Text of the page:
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In the Unix programming world there's a command called cd. It stands for Change Directory.

From what I can research it's at least 35 years old.

I often hear at my job "Then we'll cd into ".

With that usage established I was wondering if there's an established standard for how to specify a past tense use for this term.

I've tried using Target directory couldn't be cd'd but I'm unsure how that sounds to a general audience.

  • @Glorfindel I do see where that post is coming from. At the same time I wonder if cd is so common (at least in my niche corner of the world) that it's no longer jargon and there's a common use. – AlexLordThorsen Apr 4 '17 at 9:55
  • I think you might say "cee-dee'd" but wouldn't write it, at least not formally. The linked post mentions a verb lase as back-formed from laser, although lasered is not uncommon. And people are definitely tasered and not tased. I suppose there is scope for that older question to get new answers based on recent practice. – Andrew Leach Apr 4 '17 at 10:26
  • I don't agree with the contraction of the past tense. I would write it cd'ed instead. Although recent research shows that apostrophes should not be used unless your argument is a single character. – Jason P Sallinger Apr 4 '17 at 14:49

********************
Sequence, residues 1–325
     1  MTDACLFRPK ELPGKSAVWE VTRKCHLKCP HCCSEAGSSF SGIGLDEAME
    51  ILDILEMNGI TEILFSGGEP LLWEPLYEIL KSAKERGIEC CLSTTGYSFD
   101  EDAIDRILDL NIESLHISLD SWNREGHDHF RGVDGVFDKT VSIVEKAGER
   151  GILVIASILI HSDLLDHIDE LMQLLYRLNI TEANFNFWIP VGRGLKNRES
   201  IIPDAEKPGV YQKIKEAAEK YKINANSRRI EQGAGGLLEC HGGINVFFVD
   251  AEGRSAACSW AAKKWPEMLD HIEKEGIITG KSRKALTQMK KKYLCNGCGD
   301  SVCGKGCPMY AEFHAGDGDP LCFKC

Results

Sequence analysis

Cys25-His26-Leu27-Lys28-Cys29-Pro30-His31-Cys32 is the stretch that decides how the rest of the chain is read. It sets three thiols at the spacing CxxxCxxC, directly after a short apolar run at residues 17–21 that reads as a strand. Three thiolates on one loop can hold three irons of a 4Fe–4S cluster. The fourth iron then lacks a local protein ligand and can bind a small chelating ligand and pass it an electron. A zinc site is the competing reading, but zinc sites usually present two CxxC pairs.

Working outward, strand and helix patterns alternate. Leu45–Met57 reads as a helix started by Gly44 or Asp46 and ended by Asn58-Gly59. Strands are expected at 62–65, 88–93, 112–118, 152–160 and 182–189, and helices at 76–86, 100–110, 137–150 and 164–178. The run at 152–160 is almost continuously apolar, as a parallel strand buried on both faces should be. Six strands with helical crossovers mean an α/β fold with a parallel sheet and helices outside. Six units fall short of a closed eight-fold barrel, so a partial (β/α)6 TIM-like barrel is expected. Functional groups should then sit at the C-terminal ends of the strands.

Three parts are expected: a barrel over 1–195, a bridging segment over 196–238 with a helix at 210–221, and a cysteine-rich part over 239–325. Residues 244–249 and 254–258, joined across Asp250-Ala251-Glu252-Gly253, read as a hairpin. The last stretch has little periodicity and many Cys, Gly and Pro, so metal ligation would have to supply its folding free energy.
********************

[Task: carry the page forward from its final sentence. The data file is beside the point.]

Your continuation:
• Consider: couldn't cd to target directory. – Lawrence Apr 4 '17 at 14:51
  • Changing the tense of commands tends to be awkward. This may be partly because commands are program names (nouns), even though they are treated as actions (verbs). Another possible reason is the spelling of the command string - modifying the command name to form a past tense results in a string that doesn't run the intended program. These probably aren't English words (yet). – Lawrence Apr 4 '17 at 15:00

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